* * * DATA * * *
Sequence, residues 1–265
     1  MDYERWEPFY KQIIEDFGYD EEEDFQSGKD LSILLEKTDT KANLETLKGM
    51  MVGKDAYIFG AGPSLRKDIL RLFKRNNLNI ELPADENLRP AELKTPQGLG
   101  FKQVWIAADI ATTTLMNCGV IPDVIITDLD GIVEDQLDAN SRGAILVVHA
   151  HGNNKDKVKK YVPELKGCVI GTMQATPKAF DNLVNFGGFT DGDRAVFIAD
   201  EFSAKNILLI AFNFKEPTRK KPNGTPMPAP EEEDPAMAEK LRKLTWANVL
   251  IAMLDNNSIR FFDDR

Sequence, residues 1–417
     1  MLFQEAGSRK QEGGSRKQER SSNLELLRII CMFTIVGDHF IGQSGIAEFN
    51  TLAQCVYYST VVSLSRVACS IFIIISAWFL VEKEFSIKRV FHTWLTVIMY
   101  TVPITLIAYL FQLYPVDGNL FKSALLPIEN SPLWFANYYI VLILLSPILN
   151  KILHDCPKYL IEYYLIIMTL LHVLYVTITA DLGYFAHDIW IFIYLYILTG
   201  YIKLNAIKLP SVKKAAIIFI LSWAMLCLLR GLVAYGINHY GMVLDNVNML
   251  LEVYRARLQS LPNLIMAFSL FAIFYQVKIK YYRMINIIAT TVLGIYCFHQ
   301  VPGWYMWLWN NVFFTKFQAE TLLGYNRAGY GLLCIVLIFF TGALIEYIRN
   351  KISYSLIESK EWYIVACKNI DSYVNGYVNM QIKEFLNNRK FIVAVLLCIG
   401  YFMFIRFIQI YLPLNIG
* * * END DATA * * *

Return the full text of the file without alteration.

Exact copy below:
Sequence, residues 1–265
     1  MDYERWEPFY KQIIEDFGYD EEEDFQSGKD LSILLEKTDT KANLETLKGM
    51  MVGKDAYIFG AGPSLRKDIL RLFKRNNLNI ELPADENLRP AELKTPQGLG
   101  FKQVWIAADI ATTTLMNCGV IPDVIITDLD GIVEDQLDAN SRGAILVVHA
   151  HGNNKDKVKK YVPELKGCVI GTMQATPKAF DNLVNFGGFT DGDRAVFIAD
   201  EFSAKNILLI AFNFKEPTRK KPNGTPMPAP EEEDPAMAEK LRKLTWANVL
   251  IAMLDNNSIR FFDDR

Sequence, residues 1–417
     1  MLFQEAGSRK QEGGSRKQER SSNLELLRII CMFTIVGDHF IGQSGIAEFN
    51  TLAQCVYYST VVSLSRVACS IFIIISAWFL VEKEFSIKRV FHTWLTVIMY
   101  TVPITLIAYL FQLYPVDGNL FKSALLPIEN SPLWFANYYI VLILLSPILN
   151  KILHDCPKYL IEYYLIIMTL LHVLYVTITA DLGYFAHDIW IFIYLYILTG
   201  YIKLNAIKLP SVKKAAIIFI LSWAMLCLLR GLVAYGINHY GMVLDNVNML
   251  LEVYRARLQS LPNLIMAFSL FAIFYQVKIK YYRMINIIAT TVLGIYCFHQ
   301  VPGWYMWLWN NVFFTKFQAE TLLGYNRAGY GLLCIVLIFF TGALIEYIRN
   351  KISYSLIESK EWYIVACKNI DSYVNGYVNM QIKEFLNNRK FIVAVLLCIG
   401  YFMFIRFIQI YLPLNIG